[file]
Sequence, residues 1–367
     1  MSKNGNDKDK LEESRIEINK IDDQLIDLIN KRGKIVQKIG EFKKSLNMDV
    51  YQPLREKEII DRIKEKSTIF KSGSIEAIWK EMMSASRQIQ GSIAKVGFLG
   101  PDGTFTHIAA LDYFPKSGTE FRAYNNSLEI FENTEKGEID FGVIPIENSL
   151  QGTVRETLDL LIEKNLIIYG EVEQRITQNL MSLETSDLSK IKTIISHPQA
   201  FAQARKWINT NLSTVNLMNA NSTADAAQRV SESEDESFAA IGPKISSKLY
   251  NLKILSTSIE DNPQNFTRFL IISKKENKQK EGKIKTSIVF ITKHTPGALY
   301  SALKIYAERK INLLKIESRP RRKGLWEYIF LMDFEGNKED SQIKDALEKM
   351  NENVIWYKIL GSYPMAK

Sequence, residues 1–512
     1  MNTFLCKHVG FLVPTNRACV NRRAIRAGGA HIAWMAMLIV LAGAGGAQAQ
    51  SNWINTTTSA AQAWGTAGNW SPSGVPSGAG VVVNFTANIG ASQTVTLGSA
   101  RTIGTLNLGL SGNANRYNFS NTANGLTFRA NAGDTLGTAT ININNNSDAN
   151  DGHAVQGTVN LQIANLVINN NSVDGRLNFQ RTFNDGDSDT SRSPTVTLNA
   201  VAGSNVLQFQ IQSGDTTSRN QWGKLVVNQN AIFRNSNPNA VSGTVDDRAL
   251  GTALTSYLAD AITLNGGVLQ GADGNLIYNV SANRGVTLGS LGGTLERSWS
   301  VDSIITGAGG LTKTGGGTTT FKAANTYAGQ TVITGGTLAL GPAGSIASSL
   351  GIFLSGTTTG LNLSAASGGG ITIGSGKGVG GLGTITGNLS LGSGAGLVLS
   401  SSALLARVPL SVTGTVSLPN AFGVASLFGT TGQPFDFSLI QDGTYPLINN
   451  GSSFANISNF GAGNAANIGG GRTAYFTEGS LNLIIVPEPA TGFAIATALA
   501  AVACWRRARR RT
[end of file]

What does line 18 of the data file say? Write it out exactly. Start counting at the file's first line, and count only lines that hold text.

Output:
   351  GIFLSGTTTG LNLSAASGGG ITIGSGKGVG GLGTITGNLS LGSGAGLVLS